Thomas Hearne – The Keeper’s Lodge or ‘Cheesecake House’, Hyde Park


1 in stock

Watercolour and grey wash, with pen and brown ink, over graphite on wove paper. Presented in a new rag board mount.

Sheet: 7 1/8 x 10 in. (18 x 25.4 cm.)
Mount: 13 5/8 x 16 3/16 in. (34.6 x 41.4 cm.)

Provenance: Thos. Agnew & Sons Ltd. 43, Old Bond Street, Piccadilly W, London. No. 16543. Cat No. 48. The Keeper’s Lodge Hyde Park.


The Lodge stood on the north side of the Serpentine next to the Ring (a circular track around which the nobility could drive their carriages). It was known as the Cheesecake House (among other names) where refreshments could be purchased.

Thomas Hearne made several watercolours and drawings of the Cheesecake House which had become a favourite subject for landscape painters in the 1790s: Including Paul Sandby, Michael Angelo Rooker and Dominic Serres. Another example of the same subject by Hearne is in the Paul Mellon collection, Yale Center for British Art, and is dated c.1795. In their watercolour the bridge is constructed in a more conventional manner as opposed to the fenced version depicted in our watercolour, because of this it may be that our watercolour is earlier than the Mellon example.

The Cheesecake House was an ancient building, about half an hour’s walk from Westminster or Charing Cross, made of timber and plaster with a flat tiled roof, it stood in the park from at least the reign of Charles II (and perhaps even earlier). To gain access to the front door, the visitor had to cross the small stream which ran in front of the building via a rudimentary wooden bridge. Samuel Pepys was a visitor; in 1669 he took his wife for a visit, and they sat in their coach and ate ‘a cheesecake and drank a tankard of milk’.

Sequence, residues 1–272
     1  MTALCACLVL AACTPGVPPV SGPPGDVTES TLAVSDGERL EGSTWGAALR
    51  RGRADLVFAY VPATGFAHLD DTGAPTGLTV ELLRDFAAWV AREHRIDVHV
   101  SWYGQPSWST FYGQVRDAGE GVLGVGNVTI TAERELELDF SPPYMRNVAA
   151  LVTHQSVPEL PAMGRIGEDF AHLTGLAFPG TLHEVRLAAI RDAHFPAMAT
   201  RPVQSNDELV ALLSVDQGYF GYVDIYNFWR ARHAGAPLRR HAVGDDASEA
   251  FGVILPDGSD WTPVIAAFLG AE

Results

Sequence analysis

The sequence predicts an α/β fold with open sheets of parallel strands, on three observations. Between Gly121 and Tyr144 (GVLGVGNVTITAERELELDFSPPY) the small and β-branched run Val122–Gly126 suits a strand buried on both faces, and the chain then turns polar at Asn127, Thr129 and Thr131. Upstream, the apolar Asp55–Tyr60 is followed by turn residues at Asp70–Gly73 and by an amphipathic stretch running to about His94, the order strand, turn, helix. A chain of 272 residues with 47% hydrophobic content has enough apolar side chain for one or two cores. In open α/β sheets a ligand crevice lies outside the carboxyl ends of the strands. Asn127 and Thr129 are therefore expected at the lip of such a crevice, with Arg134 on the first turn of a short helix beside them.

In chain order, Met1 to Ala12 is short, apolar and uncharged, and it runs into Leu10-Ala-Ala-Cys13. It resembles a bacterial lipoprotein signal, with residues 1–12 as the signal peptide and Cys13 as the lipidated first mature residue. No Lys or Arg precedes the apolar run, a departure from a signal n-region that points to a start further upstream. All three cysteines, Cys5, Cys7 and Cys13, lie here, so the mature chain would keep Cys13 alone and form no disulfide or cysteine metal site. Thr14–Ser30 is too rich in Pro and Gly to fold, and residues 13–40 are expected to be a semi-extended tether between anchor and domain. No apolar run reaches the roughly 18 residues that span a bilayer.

In the time of Queen Anne, it was known as the Cake House or Minced-pie House and later was called Price’s Lodge (later sources say after Gervase Price, chief under-keeper of Hyde Park). By the late seventeenth-century Price’s Lodge was run by a widow named Frances Price.

St. James’s Park is frequented by people of quality; who, if they have a mind to have better and freer air, drive to Hyde Park, where is a ring for the coaches to drive around; and hard by is Mr’s Price’s where are incomparable syllabubs.

A Journey to London in the year 1698 by Dr William King (1663-1712)

But it is best remembered as the Cheesecake House, after one of the delicacies which could be bought there as cheesecakes, custards, tarts, and syllabubs were all on the menu.

Mrs Price was still the landlady in 1712 when a famous duel was fought literally on her doorstep in Hyde Park between James Hamilton, 4th Duke of Hamilton and Charles Mohun, 4th Baron Mohun on 12th November 1712.

Lord Mohun’s coach was stopped by the keeper of Hyde Park but, telling him they were headed for Price’s Lodge, he allowed it to pass. Mohun and his second, an Irish officer named George Macartney, got out of the coach, and walked away, bidding the coachman to go into the lodge and ask John Reynolds, the Drawer, to get some ‘burnt-wine’ ready for when they returned. Reynolds was wise to their tricks. He said he would not do so, ‘for very few came thither so soon in the morning but to fight…’.

The duel was fought with swords and the seconds joined in too; both Hamilton and Mohun were wounded, Mohun fatally but the Duke of Hamilton only received a cut on his arm, at least at that point. Accounts differ, but it was claimed that the duke then dropped his sword and Macartney, Mohun’s second, delivered a fatal blow to him. John Reynolds came out and tried to help the duke walk to the house but before they reached the bridge, Hamilton said, ‘he could walk no further’ and died on the spot.